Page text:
Some of you may remember the hashtag #OscarsSoWhite that floated around on social media in 2015 and 2016 in response to all twenty of the acting related Oscars nominations going to white people. The hashtag was coined by activist April Reign and was used to call out the blatant lack of diversity within Hollywood and the fact that almost all those who voted on Oscar nominations were white men. It seems incredible that this could happen two years in a row at the Oscars, but it did, and despite the Academy’s attempts to increase diversity, only 19 percent of the current members are people of color. The lack of diversity in the Academy is symbolic of the larger issues of whitewashing and lack of diversity in Hollywood itself. A study done by the University of Southern California found that the lack of diversity in Hollywood was so horrendous, that they recommended the hashtag be changed from #OscarsSoWhite to #HollywoodSoWhite.

In a country like the United States, which is largely considered a “melting pot” of different peoples, how does Hollywood continually manage to produce movies with almost all white casts? The answer is through the process of whitewashing, in which persons of color (POC) characters are played by white actors and/or film adaptions of books or other content that originally included POC characters change those characters from POC to white people for the movies. In this way, Hollywood is able to reduce the need for POC actors and keep their movies white. Production companies justify this fact by claiming that white actors have more national and international appeal, despite 40 percent of moviegoers in the US being POC.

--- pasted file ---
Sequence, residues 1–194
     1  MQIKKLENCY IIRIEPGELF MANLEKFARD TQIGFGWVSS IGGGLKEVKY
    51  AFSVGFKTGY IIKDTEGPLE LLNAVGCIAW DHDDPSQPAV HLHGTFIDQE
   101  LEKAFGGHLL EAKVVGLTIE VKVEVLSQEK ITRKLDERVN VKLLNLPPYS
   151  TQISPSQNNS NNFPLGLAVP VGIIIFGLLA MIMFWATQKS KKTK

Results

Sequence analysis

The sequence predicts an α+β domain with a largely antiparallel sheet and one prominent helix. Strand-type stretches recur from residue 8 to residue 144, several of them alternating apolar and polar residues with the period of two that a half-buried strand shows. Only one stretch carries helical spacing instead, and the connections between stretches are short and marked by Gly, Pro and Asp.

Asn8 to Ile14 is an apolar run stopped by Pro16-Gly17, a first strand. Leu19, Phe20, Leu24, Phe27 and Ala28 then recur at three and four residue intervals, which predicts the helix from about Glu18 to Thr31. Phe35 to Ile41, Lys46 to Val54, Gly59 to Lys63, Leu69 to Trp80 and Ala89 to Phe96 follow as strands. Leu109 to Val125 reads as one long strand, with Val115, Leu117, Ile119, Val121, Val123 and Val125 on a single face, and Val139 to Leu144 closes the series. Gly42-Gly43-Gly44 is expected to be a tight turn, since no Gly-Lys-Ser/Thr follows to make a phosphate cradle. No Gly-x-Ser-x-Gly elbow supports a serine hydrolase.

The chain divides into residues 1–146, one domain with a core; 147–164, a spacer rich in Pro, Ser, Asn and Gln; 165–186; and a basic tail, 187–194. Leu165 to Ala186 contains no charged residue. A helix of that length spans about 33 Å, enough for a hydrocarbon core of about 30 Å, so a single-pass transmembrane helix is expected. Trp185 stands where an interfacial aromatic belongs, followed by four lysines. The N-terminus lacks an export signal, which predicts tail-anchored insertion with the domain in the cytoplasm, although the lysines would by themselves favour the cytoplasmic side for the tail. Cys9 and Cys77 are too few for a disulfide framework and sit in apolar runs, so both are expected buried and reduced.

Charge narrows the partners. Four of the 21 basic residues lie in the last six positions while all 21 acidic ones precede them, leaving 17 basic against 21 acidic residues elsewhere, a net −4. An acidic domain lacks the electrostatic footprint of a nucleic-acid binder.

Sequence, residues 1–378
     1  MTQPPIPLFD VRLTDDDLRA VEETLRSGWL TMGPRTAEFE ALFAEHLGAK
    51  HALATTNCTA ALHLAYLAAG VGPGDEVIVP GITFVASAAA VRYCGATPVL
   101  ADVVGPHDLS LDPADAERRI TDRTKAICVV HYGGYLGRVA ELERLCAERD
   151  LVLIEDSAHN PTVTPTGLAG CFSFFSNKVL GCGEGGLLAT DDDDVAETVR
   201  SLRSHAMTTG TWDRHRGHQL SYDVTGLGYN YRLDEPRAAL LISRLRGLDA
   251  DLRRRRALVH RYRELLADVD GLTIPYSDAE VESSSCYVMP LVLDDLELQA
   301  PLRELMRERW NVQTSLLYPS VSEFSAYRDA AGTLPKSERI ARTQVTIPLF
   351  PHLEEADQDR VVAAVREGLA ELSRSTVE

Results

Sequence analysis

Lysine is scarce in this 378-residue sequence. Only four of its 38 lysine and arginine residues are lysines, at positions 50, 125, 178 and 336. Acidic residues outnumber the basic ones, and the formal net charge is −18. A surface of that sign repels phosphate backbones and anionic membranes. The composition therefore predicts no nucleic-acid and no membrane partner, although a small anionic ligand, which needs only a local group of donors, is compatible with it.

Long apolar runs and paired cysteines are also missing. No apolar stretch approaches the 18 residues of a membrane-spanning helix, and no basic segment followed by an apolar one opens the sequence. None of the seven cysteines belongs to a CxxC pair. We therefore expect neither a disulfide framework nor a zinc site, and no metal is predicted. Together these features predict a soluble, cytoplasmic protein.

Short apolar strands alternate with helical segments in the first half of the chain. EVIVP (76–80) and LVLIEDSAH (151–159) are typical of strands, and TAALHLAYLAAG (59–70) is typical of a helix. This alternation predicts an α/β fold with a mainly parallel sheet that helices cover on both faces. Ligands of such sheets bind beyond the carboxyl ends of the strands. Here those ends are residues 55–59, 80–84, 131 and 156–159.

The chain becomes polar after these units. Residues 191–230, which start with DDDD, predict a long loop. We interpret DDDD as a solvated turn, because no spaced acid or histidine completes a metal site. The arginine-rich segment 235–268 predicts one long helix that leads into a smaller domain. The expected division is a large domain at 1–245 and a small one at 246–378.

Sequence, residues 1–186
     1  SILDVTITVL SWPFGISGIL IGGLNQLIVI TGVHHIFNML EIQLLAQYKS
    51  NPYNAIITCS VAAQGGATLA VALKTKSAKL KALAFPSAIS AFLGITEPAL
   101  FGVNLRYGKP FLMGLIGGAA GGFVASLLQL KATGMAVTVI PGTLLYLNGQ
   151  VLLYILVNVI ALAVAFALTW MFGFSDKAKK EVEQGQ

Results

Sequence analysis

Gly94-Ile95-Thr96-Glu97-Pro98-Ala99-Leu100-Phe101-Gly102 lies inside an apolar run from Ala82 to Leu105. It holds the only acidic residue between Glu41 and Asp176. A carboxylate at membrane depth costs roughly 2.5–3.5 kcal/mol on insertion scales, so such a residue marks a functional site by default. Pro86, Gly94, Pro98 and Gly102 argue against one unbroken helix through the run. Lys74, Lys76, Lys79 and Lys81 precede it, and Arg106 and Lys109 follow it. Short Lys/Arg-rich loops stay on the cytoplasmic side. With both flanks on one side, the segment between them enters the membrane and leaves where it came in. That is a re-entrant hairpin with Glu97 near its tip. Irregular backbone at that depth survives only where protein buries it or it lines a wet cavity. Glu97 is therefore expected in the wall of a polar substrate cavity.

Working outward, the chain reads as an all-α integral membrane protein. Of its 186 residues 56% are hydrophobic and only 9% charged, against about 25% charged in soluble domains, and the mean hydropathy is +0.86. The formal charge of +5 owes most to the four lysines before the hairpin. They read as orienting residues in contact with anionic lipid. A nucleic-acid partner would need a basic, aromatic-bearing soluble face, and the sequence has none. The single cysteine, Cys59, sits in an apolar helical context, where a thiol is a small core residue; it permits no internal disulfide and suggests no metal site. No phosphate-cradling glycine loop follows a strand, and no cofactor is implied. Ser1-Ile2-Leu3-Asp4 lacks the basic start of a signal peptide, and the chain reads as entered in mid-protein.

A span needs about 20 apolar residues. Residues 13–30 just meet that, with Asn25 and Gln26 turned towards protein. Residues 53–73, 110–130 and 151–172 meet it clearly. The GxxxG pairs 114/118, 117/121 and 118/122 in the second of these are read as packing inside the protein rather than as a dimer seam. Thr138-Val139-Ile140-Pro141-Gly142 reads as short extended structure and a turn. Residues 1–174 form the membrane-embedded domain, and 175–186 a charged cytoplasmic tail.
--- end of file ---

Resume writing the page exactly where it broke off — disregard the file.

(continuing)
Not surprisingly, whitewashing is not a new phenomenon in Hollywood. Notable examples of whitewashing in earlier movies include white actor Mickey Rooney playing highly stereotyped and racist I.Y. Yunioshi in Breakfast at Tiffany’s (1961), John Wayne playing Genghis Khan in The Conqueror (1956), and Laurence Olivier acting in black face as Othello in the 1965 version of Othello. These are blatantly racist examples of whitewashing in film. You may be thinking to yourself “well no way that happens anymore!”. However, despite the progress the US may have made in terms of racial relations since the 1950s, it is obvious from both the Black Lives Matter movement, as well as the films that have come out of Hollywood in the last two decades, that we have not made as much progress as we think.